18 NATURAL HAZARDS OF CLIMATIC ORIGIN exposure of human activities along to the fluvial systems, as a consequence of the spread of urban areas. Fig. 12.A.10. A: Map of conflictive areas due to flooding in Spain (source: Civil Protection). Legend: Red: High risk; GreIn: intermediate risk; Yellow: Low risk. B: Percentage of risk areas and economic losses in different basins (Pujadas 2002). In some basins a high percentage of losses is observed in comparison to the proportion of risk areas, which reflect their high vulnerability to floods. 12.A.5. MAIN ADAPTATIONAL OPTIONS The climatic, hydrological, physiographic and socio-economic variability of Spain prevent a generalised application of adaptational options throughout all the regions of the country. The best adaptational option lies in advances in the systems and methodologies of prevention and prediction (warning systems for medium and large-sized basins), and in the planning and management of risk situations. These best practices can be applied at three levels: At the technical level, improvements are needed in the systems of protection of exposed property, based on structural and non-structural measures. Structural measures are generally applied to protect areas with a certain level of human activity, such as housing development, from the effects of floods. Non-structural and preventative measures should be promoted and based on regulations aimed at controlling construction in flood prone areas once the necessary protection measures have been developed. It should be pointed out that structural interventions to water courses (dams, weirs, channels and warning systems in real time) can never guarantee absolute protection. At the political and management level, there should be more legislative control in the improvement of risk planning within town and industrial plans. In this respect, current legislation and sectorial regulation dealing with the hydrologic context and the Spanish Land and Valuation Law (Ley del Suelo y Valoraciones) are very ambiguous and ineffective. These laws should contemplate the compulsory application of the directives indicated by risk maps within the different scopes of town and land-use planning. The Water Law should clarify the definition of the river channel and flooded zone according to criteria based on geomorphological, hydrological, historical and ecological elements. The characteristics of the natural drainage network should be maintained, especially with regard to drainage capacity and sediment delivery, thus avoiding interventions that can block flows and promoting the environmental recovery of river areas. 522

19 IMPACTS OF CLIMATIC CHANGE IN SPAIN At an educational level, there is a need to inform the population of the risk of natural disasters, encouraging prevention and reduced exposure. Subjects related to risk and prevention should be taught at school and information should be given on how to act in the event of a catastrophe. In this respect, previously flooded areas and the associated socio-economic consequences should be considered in the design of any policy or strategy aimed at dealing with floods. 12.A.6. REPERCUSSIONS FOR OTHER SOCIOECONOMIC SECTORS OR AREAS Insurance sector. In Spain, the insurance cover for catastrophes, in particular for flood damage, is based on the application of a non-differentiated premium for all risks covered and for the whole country, this being handled by the Consortium of Insurance Compensation (CCS). Consequently, increased flood damage would not affect the private insurance sector to any great degree, because all insured parties pay a fixed amount, regardless of their degree of exposure to the risk (Table 12.A.3). In the case of drought damages, the private insurance and reinsurance companies could be affected economically due, fundamentally, to agricultural insurance. Energy sector. This sector would be affected mainly in situations of prolonged drought, especially in the context of electricity generation (Table 12.A.3). Floods, when they occur, can negatively affect the transport and distribution of energy, whereas they can have a positive effect on the generation of hydroelectric energy, because floods can seasonally increase water resources. Tourism sector. Flooding and news thereof in national and international media negatively affects the tourism sector (Table 12.A.3). For instance, tourism in the Tena valley (central Pyrenees) after the flood in the Arás stream, in which 87 people were killed, showed a decrease in the years following the catastrophe. Drought conditions have less impact on tourism, which may occasionally, though, be favoured by prolonged hot periods. Industry and Transport sector. The transport and distribution sector is very sensitive to increases in floods, as these can cause the temporary closure of communication routes (Table 12.A.3). Periods of drought favour the transport and distribution sector but can negatively affect companies that require large amounts of water in their production processes. Table 12.A.3. Degree of positive (+) and negative (-) impact in different socio-economic sectors. 0: No impact; 1: low; 2: medium; 3: high Sector affected Floods Droughts Increase Decrease Increase Decrease Insurance Energy (hydroelectric and biomass) Tourism Industry Transport and distribution A.7. MAIN UNCERTAINTIES AND GAPS IN KNOWLEDGE In Spain, advances are being made in the characterisation of scenarios of average rainfall and/or temperature extremes, which could be valid for the basins in which floods are related to 523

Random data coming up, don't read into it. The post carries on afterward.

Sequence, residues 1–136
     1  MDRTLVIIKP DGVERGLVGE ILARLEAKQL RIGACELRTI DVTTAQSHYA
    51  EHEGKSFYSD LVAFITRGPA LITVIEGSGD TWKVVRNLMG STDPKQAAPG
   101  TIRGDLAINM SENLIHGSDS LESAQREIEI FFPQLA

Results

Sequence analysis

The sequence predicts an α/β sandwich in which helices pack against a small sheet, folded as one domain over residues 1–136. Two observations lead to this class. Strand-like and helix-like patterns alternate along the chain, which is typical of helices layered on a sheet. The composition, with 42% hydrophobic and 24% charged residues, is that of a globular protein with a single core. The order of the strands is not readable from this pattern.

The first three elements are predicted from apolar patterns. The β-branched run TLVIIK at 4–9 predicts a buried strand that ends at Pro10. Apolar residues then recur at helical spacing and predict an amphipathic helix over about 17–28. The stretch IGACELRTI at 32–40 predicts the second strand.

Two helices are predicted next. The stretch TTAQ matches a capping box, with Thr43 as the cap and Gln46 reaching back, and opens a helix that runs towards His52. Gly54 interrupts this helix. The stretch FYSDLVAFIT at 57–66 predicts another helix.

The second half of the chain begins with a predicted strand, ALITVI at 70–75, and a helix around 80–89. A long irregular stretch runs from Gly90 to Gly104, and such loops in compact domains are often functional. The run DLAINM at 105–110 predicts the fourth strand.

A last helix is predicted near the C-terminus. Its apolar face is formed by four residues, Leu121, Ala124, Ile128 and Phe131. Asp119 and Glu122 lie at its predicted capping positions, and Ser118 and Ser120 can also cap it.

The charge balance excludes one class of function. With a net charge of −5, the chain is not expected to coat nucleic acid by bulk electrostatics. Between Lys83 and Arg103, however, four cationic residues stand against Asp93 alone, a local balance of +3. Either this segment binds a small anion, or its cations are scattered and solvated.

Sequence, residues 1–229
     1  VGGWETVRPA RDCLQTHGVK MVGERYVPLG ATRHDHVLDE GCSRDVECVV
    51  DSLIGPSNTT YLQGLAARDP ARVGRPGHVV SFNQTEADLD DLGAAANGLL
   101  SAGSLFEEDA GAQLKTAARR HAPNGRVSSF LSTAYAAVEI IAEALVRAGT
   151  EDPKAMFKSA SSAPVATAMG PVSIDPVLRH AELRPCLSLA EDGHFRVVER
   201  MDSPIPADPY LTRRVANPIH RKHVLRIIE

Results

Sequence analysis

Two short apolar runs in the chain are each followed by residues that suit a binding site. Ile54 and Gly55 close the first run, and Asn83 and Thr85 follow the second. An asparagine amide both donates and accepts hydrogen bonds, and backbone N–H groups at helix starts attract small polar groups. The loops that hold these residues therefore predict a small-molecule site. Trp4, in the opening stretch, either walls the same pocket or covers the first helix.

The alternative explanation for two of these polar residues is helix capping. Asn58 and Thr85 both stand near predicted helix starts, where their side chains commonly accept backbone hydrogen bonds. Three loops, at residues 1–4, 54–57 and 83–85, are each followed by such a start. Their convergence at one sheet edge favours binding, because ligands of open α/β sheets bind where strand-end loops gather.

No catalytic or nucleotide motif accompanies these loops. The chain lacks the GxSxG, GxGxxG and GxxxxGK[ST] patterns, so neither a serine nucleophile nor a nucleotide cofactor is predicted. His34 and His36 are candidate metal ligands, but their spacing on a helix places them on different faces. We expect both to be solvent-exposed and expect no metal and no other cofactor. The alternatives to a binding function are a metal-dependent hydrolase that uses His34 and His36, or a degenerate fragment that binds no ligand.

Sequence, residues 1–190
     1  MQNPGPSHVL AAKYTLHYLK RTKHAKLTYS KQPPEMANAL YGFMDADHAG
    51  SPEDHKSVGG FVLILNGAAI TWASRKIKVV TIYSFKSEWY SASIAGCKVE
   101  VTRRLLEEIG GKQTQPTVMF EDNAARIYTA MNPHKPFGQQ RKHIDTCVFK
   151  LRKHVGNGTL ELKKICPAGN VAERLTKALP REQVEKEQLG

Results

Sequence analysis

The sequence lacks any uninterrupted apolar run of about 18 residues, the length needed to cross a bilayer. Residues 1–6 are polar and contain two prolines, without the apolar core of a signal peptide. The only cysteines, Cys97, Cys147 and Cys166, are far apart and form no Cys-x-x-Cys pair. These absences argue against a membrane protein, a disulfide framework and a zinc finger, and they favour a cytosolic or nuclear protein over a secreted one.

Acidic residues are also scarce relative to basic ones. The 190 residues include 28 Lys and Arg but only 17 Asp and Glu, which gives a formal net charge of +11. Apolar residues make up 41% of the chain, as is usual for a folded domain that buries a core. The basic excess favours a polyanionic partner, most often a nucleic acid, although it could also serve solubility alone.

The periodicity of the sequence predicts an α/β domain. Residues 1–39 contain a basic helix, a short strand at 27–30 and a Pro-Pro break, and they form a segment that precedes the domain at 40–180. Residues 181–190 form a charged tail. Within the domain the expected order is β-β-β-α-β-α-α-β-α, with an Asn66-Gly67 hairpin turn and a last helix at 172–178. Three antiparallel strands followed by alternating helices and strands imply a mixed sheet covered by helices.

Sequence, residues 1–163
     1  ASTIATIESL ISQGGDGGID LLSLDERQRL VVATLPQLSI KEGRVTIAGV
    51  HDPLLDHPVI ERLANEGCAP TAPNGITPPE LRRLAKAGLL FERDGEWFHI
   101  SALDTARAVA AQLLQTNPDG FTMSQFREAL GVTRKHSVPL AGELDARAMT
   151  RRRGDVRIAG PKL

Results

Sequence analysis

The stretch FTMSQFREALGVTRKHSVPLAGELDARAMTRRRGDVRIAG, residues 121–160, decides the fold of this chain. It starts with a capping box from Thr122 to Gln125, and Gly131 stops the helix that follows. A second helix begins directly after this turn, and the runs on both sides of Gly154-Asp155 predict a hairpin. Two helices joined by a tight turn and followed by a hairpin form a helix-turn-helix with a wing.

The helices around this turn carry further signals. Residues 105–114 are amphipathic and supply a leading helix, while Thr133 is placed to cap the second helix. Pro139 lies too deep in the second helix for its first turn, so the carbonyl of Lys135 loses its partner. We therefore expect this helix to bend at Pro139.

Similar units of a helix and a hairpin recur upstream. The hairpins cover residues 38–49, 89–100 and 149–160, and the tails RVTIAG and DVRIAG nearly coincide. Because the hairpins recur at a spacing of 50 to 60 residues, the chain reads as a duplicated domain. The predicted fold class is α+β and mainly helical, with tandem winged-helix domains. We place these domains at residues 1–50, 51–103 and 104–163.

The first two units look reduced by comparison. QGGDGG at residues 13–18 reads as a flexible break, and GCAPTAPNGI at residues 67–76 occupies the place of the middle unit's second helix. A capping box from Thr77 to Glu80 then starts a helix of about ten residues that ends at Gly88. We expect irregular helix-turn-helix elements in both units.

20 NATURAL HAZARDS OF CLIMATIC ORIGIN the frequency of zonal circulation in winter months, as is the case of the Atlantic basins. In the case of the Mediterranean basins, however, there is a high degree of uncertainty, due to the fact that it is difficult to model the complex interactions in the Mediterranean environment related to extreme events. These models require long time series of extreme phenomena in order to explain the response of floods to climate variability. Palaeofloods and documentary data can provide evidence of extreme hydrological events in Spain in relation to climatic variability in the last few millennia. Likewise, the study of rainfall series for the pre-industrial period (prior to the 20 th Century) allows the natural component of climatic variability to be separated from the greenhouse effect, since the start of intensive CO 2 emissions. 12.A.8. DETECTING THE CHANGE Around the world different authors have emphasized the high level of sensitivity of floods to slight climate variations. The detection of minor climate change can be observed in large modifications in the magnitude and frequency of extreme events. If we analyse available time series of floods over the last 2,500 years, the frequency and magnitude of floods occurred mainly at times of climate transition. Noteworthy among these, due to the increase and severity of the flooding, are the periods and in the Mediterranean (Barriendos and Martín Vide 1998) and in , in Atlantic basins. In the 20 th Century, two periods were observed with increased magnitude and frequency of floods in Atlantic basins, namely and , with a decrease in the peak discharges of extraordinary floods in the last 25 years. In the Mediterranean, great irregularity was observed in the patterns, with increased cold pools in the 1980s, which generated historic maximum discharges in 1982 and 1987, and a reduction thereof in the 1990s. From 1990 to 2000, there has been an increase in convective rainfall, which causes flash floods in small basins, such as those in Yebra and Almoguera (Guadalajara), Biescas (Huesca), Alicante, and Badajoz, and which had dramatic social consequences (207 fatalities). This change in the pattern of flood magnitude and frequency in Atlantic and Mediterranean basins may be interpreted as a sign of changes in the present climate. 12.A.9. POLICY IMPLICATIONS Regardless of the severity of future climate change, hydrological extremes (floods and droughts) constitute the most obvious manifestation of climate and hydrology in Spain. Legislation must therefore deal with regard to dealing with land-use planning problems, including taking climate change into account in relation to hydrological risks. However, certain modifications are needed in the legal aspects of natural hazards. The political implications of climate change in natural hazards should involve improved management and legislation in risk-related aspects (Basic Directive of Civil Protection Planning), improved legislation in laws related to land planning (Water Law and Land Law), improvement and application of Watershed Management Plans, and the development of Technical Regulations for Dam and Reservoir Safety. Technical studies developed for the application of legislation should, wherever necessary, analyse the effects of climate change on floods and establish response strategies contemplating new scenarios of extreme events in relation to resources and land management. In relation to floods, regulations should be revised in order to determine potential flooding zones and risk analysis within the land planning process, taking the floods that have occurred in the past into account. At present, the Land Law (Legislative Royal Decree1/1992) and the Water Law (Law 29/1985, dated August 2 nd ) and the Regulations on the Hydraulic Public Domain (Royal Decree 849/1986), dated April 11 th ) are too ambiguous in relation to extraordinary floods. 524